Hidden and Excesive Credit Card Fees

I get a lot of offers for new credit cards and one came in the mail the other day that looked interesting. Zero percent interest on purchases and balance transfers for one year and then a low rate currently at 9.99%. For someone like me who doesn't carry a balance (yes I pay off my credit card each month and if you can't afford to do the same then you're taking on too much debt in my opinion), this offer might actually be a good idea. But do I really need another card? No. Do I need the zero percent interest? No since I don't pay interest anyway. So I decided not to get the card but there was something very disturbing about the offer.

Sure the interest rate was low but if you missed a payment that rate jumps to (are you ready for this) 29.99%. That's robbery. In addition to that, the cash advance fee, the normal every day cash advance fee is 19.99%. Why would you ever take out a cash advance on a credit card? But people do it all the time and this, among other reasons, is why people find it hard to get ahead or make ends meet. There is no other way to say it than this is a stupid thing to do.

Ok fine I'm all for personal responsibility and if you miss a payment there should be a price to pay but what if you miss a payment on something else like your utility bill, should your credit card interest rate increase? Well some cards will do that to you, it's called universal default and a proposed bill in congress will end that form of thievery.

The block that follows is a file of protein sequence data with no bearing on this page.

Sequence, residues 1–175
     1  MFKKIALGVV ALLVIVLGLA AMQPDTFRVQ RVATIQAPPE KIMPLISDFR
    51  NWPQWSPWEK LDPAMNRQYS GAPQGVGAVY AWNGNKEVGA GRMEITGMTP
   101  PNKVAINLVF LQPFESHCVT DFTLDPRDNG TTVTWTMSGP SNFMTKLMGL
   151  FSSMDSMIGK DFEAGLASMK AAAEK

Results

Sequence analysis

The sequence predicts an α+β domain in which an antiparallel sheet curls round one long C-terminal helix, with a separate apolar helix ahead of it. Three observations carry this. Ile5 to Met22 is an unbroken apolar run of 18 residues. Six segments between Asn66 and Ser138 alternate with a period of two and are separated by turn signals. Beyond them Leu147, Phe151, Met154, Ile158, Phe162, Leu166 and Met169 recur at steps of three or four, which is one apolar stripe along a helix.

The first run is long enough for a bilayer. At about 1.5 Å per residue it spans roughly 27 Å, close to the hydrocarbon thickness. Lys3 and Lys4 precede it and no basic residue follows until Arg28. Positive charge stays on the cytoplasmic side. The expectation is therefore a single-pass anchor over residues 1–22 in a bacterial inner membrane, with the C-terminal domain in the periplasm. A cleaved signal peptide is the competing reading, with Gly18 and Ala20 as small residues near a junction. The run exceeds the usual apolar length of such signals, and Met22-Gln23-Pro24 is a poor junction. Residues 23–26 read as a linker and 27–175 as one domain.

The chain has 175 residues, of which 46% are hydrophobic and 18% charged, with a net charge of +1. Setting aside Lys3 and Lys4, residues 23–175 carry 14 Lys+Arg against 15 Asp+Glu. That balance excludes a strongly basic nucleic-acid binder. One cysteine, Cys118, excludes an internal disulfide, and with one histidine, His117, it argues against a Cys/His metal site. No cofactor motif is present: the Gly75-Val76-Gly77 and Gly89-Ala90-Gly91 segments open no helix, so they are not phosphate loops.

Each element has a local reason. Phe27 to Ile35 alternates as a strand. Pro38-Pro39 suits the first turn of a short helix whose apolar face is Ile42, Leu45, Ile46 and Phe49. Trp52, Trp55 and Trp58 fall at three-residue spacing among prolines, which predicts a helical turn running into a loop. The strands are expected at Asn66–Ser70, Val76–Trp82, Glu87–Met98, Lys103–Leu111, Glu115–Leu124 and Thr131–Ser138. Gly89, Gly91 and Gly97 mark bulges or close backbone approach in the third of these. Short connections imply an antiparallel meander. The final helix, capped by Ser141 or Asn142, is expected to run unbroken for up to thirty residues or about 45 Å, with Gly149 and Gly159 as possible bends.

Now I'm not saying that it's ok to miss payments or that you should be given a free ride but accidents happen and one company shouldn't punish you for a mistake with another especially if that was a one time event.

An article at Marketwatch.com gives details of three bills designed to protect the consumer (you and me) from predatory lending as well as exorbitant or hidden fees. It's a good article in the sense that it should open your eyes to just how you might be losing out on things you could avoid.

For instance many people think that overdraft protection is a good idea and would be if it wasn't just another way for banks to make money on your carelessness. The law would require banks to tell you when you're about to overdraw your account at an ATM for example. This way if you still decide to take the money, and pay the overdraft fee, that was your decision no matter how dumb it was.

On a political note these two paragraphs stuck me:

"Consumers no doubt like the idea of fewer credit-card rate hikes, but will any of these bills make it into law? After all, Frank and other Democratic lawmakers introduced these bills to the Republican-controlled House Financial Services Committee.

"Some say the committee's history of bipartisanship means these bills have a chance. 'The committee is one of the few actual bipartisan committees. We work with majority staff an awful lot,' said Steve Adamske, spokesman for the committee's Democratic staff."

Imagine that lawmakers actually working together. This isn't a tug of war. This is a group of people elected to represent us. If they can't work together than something is wrong.